Capital Markets

CMA urges State to sell shares to jump-start trading

cma

Capital Markets Authority regulatory and policy director Luke Ombara. PHOTO | SALATON NJAU | NMG

BDgeneric_logo

Summary

  • The Capital Markets Authority (CMA) wants the government to sell additional shares in listed State firms to help improve the trading liquidity of the Nairobi Securities Exchange.
  • Trading activity at the stock market has slowed down due to lower share prices following the onset of the Covid-19 pandemic, which dragged down market turnover ratio to 1.56 per cent in the third quarter this year.

The Capital Markets Authority (CMA) wants the government to sell additional shares in listed State firms to help improve the trading liquidity of the Nairobi Securities Exchange.

Trading activity at the stock market has slowed down due to lower share prices following the onset of the Covid-19 pandemic, which dragged down market turnover ratio to 1.56 per cent in the third quarter this year.

The regulator has been pushing for listing of state-owned enterprises through IPOs as a long-term strategy to revive the market, but has now changed tack favouring a short-term fix to the problem of reduced activity.

CMA director of policy and regulation Luke Ombara said the Treasury should float some of its shareholding to raise money while stimulating the market.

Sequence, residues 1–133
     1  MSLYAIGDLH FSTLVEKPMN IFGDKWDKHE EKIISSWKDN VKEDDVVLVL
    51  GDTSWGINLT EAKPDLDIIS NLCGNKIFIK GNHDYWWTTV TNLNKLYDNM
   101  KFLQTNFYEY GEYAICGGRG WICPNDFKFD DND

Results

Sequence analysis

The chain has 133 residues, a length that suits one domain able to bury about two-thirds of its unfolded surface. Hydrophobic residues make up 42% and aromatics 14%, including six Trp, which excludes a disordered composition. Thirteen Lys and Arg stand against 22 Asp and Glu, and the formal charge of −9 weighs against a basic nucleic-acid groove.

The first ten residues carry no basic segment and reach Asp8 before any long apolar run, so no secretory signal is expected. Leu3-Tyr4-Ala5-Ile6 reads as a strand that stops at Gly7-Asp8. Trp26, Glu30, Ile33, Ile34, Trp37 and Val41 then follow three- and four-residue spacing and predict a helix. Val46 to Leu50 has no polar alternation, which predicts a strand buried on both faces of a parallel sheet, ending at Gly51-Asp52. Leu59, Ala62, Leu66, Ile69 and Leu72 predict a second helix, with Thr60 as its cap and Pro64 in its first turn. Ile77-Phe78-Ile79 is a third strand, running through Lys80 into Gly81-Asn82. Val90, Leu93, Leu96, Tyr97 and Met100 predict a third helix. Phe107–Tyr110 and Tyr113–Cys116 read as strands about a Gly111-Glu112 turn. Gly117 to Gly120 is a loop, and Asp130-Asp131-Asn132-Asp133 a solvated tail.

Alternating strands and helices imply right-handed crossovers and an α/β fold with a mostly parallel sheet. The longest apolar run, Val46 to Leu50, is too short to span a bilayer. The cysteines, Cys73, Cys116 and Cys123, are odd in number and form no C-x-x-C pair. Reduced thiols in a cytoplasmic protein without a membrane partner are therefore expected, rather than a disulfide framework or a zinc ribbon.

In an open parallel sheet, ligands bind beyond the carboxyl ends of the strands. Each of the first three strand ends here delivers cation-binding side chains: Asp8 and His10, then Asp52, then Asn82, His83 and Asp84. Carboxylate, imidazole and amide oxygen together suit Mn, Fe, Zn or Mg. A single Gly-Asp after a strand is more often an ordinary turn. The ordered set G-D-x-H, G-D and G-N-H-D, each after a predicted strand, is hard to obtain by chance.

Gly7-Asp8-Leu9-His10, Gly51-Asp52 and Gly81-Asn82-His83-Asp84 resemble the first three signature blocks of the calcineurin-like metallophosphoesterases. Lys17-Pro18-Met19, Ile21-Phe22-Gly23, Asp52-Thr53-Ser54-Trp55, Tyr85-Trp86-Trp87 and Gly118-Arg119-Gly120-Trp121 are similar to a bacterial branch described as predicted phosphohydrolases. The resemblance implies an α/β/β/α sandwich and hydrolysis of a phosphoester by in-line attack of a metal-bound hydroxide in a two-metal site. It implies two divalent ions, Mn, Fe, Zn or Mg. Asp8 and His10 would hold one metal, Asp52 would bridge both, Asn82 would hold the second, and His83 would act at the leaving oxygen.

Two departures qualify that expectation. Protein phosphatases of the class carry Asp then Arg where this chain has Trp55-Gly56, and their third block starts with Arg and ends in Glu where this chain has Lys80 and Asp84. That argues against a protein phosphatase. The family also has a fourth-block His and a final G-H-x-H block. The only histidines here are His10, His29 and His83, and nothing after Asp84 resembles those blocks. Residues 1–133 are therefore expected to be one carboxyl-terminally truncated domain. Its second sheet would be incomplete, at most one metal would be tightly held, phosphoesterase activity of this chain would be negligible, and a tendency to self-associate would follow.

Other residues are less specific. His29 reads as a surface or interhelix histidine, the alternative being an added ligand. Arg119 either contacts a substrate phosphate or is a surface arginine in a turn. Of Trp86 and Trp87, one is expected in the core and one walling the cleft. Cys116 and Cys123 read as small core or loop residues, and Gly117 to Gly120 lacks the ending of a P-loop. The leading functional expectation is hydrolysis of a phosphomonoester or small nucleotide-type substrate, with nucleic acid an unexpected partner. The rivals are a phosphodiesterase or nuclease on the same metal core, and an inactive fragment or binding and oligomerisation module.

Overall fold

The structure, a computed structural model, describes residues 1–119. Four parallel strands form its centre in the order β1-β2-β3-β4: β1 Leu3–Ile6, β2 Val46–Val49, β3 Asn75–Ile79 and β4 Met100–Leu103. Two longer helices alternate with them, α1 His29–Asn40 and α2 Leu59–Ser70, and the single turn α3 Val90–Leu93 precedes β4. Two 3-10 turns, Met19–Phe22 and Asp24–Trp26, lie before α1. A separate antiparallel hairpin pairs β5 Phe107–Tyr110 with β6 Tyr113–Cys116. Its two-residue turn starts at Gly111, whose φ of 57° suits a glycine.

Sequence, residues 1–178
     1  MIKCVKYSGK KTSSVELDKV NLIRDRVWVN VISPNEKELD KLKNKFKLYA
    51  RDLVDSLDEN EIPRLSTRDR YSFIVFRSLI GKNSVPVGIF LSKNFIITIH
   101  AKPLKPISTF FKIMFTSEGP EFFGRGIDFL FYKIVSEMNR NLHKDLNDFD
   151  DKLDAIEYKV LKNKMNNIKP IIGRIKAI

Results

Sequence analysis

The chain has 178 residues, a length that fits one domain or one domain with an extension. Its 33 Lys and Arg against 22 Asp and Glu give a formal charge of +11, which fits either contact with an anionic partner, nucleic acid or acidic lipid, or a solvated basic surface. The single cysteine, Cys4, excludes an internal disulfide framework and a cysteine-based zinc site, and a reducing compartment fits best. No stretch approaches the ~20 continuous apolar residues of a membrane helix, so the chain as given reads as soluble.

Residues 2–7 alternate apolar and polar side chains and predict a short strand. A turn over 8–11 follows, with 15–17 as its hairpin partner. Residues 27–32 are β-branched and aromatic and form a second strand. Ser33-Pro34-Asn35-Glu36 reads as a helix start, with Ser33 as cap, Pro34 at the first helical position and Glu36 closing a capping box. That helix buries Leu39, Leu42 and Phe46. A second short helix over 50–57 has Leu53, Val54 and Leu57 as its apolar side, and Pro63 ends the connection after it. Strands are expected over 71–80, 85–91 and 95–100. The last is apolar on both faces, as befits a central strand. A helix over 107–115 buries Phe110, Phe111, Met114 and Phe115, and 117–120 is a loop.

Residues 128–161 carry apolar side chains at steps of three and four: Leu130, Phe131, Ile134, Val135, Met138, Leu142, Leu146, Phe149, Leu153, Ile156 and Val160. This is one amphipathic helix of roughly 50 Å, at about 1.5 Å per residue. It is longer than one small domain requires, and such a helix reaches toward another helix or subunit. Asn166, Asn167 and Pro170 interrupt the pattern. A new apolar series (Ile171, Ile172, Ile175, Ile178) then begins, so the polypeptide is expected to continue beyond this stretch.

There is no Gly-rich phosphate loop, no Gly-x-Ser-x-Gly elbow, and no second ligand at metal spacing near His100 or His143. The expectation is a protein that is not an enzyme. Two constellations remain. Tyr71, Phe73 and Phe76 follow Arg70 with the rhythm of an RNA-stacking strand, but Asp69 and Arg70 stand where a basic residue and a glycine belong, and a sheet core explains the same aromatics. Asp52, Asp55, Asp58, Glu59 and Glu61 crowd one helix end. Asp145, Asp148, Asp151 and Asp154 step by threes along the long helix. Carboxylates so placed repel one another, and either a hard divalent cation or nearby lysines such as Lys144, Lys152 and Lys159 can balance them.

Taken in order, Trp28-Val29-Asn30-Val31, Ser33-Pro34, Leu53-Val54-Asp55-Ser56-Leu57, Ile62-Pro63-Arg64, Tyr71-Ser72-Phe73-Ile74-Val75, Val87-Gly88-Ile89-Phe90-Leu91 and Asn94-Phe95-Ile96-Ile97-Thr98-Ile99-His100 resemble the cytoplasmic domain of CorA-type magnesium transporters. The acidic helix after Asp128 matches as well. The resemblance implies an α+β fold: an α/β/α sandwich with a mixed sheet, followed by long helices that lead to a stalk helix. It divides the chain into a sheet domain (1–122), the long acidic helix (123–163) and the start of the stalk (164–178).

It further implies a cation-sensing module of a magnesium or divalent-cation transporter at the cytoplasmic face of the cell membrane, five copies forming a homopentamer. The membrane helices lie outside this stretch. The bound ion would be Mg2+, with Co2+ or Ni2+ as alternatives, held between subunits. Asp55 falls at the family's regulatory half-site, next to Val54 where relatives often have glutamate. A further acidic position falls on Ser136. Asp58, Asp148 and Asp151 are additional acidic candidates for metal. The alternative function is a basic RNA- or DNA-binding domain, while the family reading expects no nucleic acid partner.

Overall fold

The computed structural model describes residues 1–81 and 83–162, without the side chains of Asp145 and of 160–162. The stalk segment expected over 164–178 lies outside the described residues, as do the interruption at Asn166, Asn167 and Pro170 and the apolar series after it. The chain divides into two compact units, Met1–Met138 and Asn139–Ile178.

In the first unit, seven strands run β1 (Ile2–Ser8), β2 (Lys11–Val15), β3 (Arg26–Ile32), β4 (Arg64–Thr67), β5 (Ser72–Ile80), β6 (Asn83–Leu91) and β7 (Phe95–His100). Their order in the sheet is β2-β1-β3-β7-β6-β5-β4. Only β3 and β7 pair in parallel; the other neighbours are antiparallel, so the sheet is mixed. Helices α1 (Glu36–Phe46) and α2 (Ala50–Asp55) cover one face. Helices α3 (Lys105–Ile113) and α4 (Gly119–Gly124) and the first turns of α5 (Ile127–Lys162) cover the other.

“We are proposing additional divesting of existing companies, for instance Safaricom where if the government were to offload another 10 per cent, it could raise a lot of money,” Mr Ombara said.

The government owns stakes in 12 publicly listed companies, including Safaricom (35 per cent), Kenya Reinsurance (60 per cent), Kenya Airways (48.9 percent) and Kenya Power (50 per cent).

Others are East African Portland Cement, where the Treasury holds 25.3 percent and NSSF (27 percent), Uchumi (14.67 percent), Mumias Sugar (20 percent) HF Group (2.41 percent) and Liberty Kenya (0.86 percent).

The government also holds a stake of 19.76 per cent in KCB and 1.1 per cent of Stanbic Bank.

Mr Ombara said they would also continue to push for new listings with an eye on profitable companies like Kenya Pipeline and Kenya Ports Authority.

Over the years, privatisation of state corporations has been key in stimulating the market with Initial Public Offers (IPO) being oversubscribed.

Since the NSE itself listed through an IPO five years ago there has been relatively low activity in getting new stocks into the market, save for small firms coming in through introduction.

On the contrary the bourse has seen several exits including National Bank that was acquired by KCB, KenolKobil which was bought out by Rubis.